Understanding extremism in Scotland: evidence review

A report which reviews evidence on defining extremism and the extent and nature of extremism in Scotland.

1. Introduction

This report reviews evidence on defining extremism and the extent and nature of extremism in Scotland. This section provides an overview of the background to this evidence review and outlines the research aims and questions.

1.1. Background

Prevent policy

The purpose of Prevent is to 'stop people becoming terrorists or supporting terrorism' (Home Office, 2018a). While counter-terrorism (and therefore Prevent) is a reserved matter and the responsibility of the UK Government, the Counter-Terrorism and Security Act (2015) places a duty on sectors that are devolved from Westminster to the Scottish Government (including local authorities, health and social care, education, prisons, and the police) to pay 'due regard to the need to prevent people from being drawn into terrorism'. This is known as the Prevent duty.

The Prevent duty guidance for Scotland (Home Office, 2021a) outlines how specified authorities are expected to comply with this duty. There is sector-specific guidance for further education institutions (Home Office, 2021b) and higher education institutions (Home Office, 2021c).

The Scottish Government supports the specified sectors to fulfil their obligations under the Prevent duty (Home Office, 2021a), and ensures that mechanisms are in place for safeguarding and supporting individuals who may be susceptible to being drawn into terrorism as outlined in the Prevent Multi-Agency Panel (PMAP) Duty Guidance (Home Office, 2021d).

In Scotland, the approach taken to Prevent is tailored to the Scottish context and the specific challenges faced by Scottish communities. Emphasis is placed on early intervention, safeguarding, and the prevention of people from becoming alienated or isolated, with the aim of reducing vulnerability and increasing resilience to extremist narratives.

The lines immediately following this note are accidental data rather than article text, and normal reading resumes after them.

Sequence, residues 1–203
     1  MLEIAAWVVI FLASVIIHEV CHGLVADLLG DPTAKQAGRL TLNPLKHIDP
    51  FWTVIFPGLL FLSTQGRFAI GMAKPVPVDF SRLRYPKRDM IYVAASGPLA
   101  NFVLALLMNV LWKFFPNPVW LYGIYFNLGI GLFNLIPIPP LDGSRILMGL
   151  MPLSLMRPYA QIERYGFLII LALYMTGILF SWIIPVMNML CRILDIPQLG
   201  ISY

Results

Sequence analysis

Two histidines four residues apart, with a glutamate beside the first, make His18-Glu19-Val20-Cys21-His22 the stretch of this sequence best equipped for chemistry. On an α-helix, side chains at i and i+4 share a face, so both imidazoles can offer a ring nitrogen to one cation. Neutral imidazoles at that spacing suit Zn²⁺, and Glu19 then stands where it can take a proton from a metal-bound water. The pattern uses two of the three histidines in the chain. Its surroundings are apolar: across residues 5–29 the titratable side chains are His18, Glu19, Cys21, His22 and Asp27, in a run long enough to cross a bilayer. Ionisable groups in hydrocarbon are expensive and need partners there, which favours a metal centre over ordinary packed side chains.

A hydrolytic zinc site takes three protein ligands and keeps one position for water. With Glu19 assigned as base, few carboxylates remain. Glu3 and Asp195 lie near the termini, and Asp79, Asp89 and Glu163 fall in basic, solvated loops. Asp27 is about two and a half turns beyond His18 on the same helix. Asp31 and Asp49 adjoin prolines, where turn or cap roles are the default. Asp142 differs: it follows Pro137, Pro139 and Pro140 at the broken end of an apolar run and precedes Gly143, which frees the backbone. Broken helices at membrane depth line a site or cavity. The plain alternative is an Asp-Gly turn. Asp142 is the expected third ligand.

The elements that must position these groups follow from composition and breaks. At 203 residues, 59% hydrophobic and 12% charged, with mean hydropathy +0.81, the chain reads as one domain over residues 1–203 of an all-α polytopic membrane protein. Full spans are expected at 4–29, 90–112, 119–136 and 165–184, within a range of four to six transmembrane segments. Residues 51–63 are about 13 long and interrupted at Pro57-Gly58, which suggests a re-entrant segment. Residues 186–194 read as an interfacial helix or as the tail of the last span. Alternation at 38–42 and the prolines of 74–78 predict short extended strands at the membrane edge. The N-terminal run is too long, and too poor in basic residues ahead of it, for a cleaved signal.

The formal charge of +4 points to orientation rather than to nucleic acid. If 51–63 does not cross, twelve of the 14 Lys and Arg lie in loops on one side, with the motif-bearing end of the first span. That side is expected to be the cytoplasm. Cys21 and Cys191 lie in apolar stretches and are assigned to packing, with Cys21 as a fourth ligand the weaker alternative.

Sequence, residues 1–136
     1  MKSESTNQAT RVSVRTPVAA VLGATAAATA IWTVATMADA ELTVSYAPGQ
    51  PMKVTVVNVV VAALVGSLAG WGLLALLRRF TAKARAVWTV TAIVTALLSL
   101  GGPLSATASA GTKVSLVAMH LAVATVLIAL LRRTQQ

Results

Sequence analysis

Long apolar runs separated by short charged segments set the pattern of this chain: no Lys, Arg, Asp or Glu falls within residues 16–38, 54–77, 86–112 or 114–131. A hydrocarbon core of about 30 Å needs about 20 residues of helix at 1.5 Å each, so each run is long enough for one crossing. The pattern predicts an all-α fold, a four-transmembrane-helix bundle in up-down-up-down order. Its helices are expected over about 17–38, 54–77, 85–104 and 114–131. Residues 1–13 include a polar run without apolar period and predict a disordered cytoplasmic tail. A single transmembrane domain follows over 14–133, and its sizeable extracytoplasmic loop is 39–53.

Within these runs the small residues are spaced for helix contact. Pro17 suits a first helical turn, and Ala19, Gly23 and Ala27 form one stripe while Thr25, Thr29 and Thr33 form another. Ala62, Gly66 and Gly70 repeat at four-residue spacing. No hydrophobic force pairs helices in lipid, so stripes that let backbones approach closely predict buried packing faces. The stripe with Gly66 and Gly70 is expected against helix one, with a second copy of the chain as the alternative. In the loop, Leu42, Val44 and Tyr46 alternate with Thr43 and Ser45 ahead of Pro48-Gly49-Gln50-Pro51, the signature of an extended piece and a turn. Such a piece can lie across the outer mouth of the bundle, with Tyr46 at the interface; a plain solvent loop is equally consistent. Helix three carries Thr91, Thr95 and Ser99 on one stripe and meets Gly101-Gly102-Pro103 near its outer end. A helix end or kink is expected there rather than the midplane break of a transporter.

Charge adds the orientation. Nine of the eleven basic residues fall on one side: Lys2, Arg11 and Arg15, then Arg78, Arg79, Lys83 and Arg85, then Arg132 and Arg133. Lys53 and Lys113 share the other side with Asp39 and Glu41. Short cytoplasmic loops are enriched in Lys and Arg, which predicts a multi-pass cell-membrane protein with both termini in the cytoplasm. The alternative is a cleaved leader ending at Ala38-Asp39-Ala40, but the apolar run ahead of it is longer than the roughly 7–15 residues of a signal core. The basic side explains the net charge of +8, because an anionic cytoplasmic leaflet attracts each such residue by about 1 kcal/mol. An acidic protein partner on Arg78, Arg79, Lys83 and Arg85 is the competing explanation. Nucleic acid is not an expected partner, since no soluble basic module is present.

Defining extremism

The UK Government currently adopts the following definition of extremism:

'vocal or active opposition to fundamental British values, including democracy, the rule of law, individual liberty and mutual respect and tolerance of different faiths and beliefs. We also include in our definition of extremism calls for the death of members of our armed forces, whether in this country or overseas'. (Home Office, 2011: 107)

This definition was used in the UK Government's Counter-Extremism Strategy (Home Office, 2015), which set out the UK Government's approach to countering 'both violent and non-violent' extremism. However, counter-extremism is a devolved matter and the Counter-Extremism Strategy and the UK Government's definition of extremism were not adopted in Scotland. At present, therefore, the Scottish Government does not have an official definition of extremism.

1.2. Research aims and questions

The aims of this review were:

1. To explore how extremism is defined in the existing evidence base.

2. To enhance understanding of extremism in Scotland, by exploring available research on the extent and nature of extremism in Scotland.

To meet these aims, the review sought to answer the following questions:

1. How is 'extremism' defined in the literature, and to what extent is there a shared understanding of the term in the existing evidence base?

2. What evidence is available in relation to the prevalence of extremism in Scotland, particularly in comparison with the rest of the UK, and what are the strengths and limitations of these sources?

3. What evidence is available in relation to the nature of extremism in Scotland? In particular, what are the most common types of extremism, is this different or similar to the rest of the UK, and has this changed over time?

1.3. Report structure

The next section describes the methodological approach taken to conduct the review. The following sections summarise findings from the evidence with reference to the research questions. The report concludes with a discussion of key findings, gaps in evidence identified and recommendations for further research.


Email: SVT@gov.scot

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